When an obliging undead Mr. Sanderson from the bank turns up to serve as a live demo of Buffy’s nightly warm-up, everything seems on-track for a beautiful mother-daughter bonding experience. Then, instead, Joyce finds the bodies of two small children.

Not surprisingly, she’s shattered by the experience. Ignoring Buffy’s usual modus operandi, she summons the townspeople, publicizes the crime, gives Snyder an excuse to be awesomely oily and search all the lockers at school. She tells the Mayor that Sunnydale damn well isn’t a good town, in a genuinely moving speech, and forms MOO—Mothers Opposed to the Occult.

Buffy the Vampire Slayer Rewatch: Attack of the Sugar Plum Fairy Tale

It’s not just an overreaction, of course. It’s magic. In “Gingerbread,” we learn that a hideous demon stages the murders of the two kids every fifty years. He then appears to a leader of the horrified townsfolk—in this case Joyce—as the slaughtered kids, using his patsy to whips up a mob. The group then kills whoever looks witchiest to them. The demon presumably feeds off of the bad time.

So MOO latches onto Buffy, Willow, and Amy Madison.

“Gingerbread” marks the one and only appearance of Willow’s mother, Sheila, and if I’d been needing a reason to continue making up with Joyce, her parenting style would be it. Sheila is the queen of not listening. Really, it’s something of a miracle that Willow didn’t try to destroy the world sooner if that’s what she’s living with.

Buffy the Vampire Slayer Rewatch: Attack of the Sugar Plum Fairy Tale

While Sheila is undermining her kid’s confidence, Joyce appears to be doing the same. But even though she’s under a spell and plotting murder, I can’t help thinking she’s asking some tough and depressing and rather legitimate questions about the nature of Buffy’s calling. The Slayer beats evil back, she points out, but there’s always more.

This is a theme that comes up often in Angel the series, of course, and I’m betting in cop bars around the world.

Sheila proceeds from grounding Willow and being generally annoying to being Joyce’s partner in trying to burn their daughters. They pick an indoor venue for the book-and-teen-burning, which is baffling. Amy turns herself into a rat to avoid the flames, and remains that way, mostly, until “Smashed.”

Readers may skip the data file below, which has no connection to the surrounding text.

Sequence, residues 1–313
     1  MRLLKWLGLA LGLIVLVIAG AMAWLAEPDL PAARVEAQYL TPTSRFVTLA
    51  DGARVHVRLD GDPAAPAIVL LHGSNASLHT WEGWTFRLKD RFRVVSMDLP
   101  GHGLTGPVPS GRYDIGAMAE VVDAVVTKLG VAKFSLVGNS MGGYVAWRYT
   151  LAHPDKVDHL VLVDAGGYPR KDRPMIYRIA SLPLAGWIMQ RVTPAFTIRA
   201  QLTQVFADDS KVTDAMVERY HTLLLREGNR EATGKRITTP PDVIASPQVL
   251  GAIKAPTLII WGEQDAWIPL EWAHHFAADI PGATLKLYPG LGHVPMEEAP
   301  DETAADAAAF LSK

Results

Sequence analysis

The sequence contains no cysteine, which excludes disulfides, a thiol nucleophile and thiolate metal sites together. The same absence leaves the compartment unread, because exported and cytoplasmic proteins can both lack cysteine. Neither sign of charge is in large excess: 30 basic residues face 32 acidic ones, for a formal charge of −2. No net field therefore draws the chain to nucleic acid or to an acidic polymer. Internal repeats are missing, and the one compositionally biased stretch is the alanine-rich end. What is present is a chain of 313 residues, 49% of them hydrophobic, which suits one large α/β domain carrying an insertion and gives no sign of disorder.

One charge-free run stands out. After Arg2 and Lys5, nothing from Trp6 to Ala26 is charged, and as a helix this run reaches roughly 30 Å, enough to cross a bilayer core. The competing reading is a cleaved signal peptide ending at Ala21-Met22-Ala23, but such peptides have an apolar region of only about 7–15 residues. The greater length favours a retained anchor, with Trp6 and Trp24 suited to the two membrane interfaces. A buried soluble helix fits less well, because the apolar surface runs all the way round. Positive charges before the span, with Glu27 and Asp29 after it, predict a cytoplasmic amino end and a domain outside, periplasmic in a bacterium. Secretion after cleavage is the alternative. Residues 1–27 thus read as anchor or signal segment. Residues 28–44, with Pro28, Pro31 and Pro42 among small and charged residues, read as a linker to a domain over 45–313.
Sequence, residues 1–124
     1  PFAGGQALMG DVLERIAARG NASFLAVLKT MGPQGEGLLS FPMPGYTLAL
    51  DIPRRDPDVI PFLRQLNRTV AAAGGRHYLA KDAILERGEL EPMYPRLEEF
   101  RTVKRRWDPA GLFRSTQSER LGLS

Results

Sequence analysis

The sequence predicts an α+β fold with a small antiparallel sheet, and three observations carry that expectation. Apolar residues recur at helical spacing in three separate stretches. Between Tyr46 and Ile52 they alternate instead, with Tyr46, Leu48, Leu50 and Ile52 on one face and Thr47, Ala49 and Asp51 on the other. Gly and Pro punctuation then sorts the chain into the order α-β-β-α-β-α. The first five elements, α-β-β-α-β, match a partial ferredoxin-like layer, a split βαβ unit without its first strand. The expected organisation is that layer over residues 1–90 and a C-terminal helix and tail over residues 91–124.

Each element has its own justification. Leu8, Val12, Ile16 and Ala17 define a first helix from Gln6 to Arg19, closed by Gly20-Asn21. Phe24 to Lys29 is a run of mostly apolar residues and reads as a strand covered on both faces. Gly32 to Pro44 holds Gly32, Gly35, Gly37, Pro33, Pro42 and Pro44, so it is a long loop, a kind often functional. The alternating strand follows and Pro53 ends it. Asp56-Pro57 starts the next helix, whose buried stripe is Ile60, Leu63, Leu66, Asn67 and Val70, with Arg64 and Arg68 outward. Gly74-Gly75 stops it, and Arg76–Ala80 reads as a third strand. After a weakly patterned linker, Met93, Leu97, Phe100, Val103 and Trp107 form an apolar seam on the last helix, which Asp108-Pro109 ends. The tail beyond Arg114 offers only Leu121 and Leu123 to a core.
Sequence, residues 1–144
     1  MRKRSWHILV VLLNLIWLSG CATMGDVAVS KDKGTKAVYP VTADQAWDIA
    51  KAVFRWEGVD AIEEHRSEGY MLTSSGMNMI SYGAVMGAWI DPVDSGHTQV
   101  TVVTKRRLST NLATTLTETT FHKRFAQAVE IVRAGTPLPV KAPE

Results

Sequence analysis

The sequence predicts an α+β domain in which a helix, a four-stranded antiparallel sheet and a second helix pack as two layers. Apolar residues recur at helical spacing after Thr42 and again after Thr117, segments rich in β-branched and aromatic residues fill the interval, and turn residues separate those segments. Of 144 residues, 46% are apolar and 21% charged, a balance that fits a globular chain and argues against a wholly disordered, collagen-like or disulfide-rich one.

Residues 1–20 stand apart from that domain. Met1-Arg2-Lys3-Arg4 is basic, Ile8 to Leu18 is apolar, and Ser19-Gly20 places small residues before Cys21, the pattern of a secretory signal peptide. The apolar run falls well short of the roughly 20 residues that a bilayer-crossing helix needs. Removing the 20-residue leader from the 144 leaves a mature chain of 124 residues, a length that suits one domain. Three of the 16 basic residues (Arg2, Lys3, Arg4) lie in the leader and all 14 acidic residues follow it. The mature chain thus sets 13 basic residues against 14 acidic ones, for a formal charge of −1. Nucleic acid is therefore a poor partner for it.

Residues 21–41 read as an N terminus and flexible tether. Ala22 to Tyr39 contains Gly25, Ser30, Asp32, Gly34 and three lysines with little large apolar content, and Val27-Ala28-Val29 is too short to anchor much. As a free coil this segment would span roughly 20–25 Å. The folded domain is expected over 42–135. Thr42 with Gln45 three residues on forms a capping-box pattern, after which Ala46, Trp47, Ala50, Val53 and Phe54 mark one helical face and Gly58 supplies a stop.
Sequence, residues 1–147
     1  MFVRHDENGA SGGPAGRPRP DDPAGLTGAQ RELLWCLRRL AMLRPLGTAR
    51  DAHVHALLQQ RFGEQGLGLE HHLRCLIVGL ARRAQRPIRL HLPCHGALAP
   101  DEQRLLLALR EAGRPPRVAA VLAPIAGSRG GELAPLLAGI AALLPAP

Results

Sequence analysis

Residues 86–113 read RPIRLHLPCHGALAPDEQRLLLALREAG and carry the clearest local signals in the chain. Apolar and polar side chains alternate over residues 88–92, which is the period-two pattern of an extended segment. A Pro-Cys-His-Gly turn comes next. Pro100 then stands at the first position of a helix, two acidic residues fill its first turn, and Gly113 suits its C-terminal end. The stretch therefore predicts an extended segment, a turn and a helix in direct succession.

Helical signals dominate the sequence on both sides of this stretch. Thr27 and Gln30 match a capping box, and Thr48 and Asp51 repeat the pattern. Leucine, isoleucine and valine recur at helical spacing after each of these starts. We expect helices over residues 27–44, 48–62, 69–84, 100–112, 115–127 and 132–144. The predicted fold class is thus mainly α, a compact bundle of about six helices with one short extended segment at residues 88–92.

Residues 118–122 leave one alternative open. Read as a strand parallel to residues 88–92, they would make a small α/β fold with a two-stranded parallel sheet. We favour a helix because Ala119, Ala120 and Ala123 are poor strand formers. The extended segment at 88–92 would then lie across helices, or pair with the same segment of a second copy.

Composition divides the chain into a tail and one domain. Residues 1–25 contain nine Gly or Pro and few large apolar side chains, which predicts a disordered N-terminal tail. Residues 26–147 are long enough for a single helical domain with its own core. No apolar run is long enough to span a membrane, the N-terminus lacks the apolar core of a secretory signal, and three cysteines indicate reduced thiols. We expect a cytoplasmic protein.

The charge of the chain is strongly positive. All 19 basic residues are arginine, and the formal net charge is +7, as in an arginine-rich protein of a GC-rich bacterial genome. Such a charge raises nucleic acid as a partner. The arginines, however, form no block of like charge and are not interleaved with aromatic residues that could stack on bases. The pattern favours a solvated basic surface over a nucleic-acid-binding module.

Buffy the Vampire Slayer Rewatch: Attack of the Sugar Plum Fairy Tale

In S1 I talked about Buffy and how she builds not just a circle of friends but an ever-expanding resource base. Something that’s interesting about “Gingerbread,” is that she and Willow get rescued not once by the whole team but twice, by two halves of it. First Giles and Cordy show up and reveal the demon for what it truly is, allowing Buffy to spear it. But Xander and Oz, though they are a little slower due to manfully climbing through the building ducts, are on their way too as this is happening. They’d have got the job done, I’m sure.

And Angel and Faith were out there, somewhere, on the benches.

Not quite filler but simply less exciting than their fellows, these episodes show up, build some bridges to a variety future seasons’ storylines, entertain us all for an hour and then fade into the scenery. But this is only really apparent on rewatch.

“Amends” and “Gingerbread” are good enough episodes—they just aren’t the shining lights of S3; not only aren’t they “Graduation,” they don’t quite rise to standard set by “Band Candy” or “Bad Girls.” Every class has to have a few C students, right?

Next: Very Unhappy Birthday, some more.

A.M. Dellamonica has a short story up here on — an urban fantasy about a baby werewolf, “The Cage” which made the Locus Recommended Reading List for 2010. She also has a second story up here called “Among the Silvering Herd.”